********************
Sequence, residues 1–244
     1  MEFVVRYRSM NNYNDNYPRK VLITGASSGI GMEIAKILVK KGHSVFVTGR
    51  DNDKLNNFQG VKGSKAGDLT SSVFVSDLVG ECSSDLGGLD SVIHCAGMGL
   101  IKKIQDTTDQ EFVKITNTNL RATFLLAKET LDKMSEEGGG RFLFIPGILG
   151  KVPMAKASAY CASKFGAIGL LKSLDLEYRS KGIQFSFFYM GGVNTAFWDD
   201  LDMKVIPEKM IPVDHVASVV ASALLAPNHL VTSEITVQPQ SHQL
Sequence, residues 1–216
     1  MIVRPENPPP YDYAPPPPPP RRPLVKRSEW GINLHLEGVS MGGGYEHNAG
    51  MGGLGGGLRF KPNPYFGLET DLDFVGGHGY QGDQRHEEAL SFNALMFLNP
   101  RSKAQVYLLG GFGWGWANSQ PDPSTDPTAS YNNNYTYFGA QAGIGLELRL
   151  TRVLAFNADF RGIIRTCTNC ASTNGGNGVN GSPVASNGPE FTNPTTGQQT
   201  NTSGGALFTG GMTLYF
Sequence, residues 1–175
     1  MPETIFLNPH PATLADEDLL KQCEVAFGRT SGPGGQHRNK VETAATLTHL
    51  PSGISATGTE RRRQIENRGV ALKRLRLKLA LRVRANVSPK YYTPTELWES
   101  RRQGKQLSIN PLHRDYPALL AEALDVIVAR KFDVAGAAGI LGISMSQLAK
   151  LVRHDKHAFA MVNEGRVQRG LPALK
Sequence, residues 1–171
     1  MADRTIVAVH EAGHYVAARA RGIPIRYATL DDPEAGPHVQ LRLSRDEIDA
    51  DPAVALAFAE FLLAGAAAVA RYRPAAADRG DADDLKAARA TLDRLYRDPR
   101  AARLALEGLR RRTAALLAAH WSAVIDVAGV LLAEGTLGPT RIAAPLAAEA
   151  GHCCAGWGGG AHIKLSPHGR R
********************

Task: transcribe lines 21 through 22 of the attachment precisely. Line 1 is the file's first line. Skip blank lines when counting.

   101  AARLALEGLR RRTAALLAAH WSAVIDVAGV LLAEGTLGPT RIAAPLAAEA
   151  GHCCAGWGGG AHIKLSPHGR R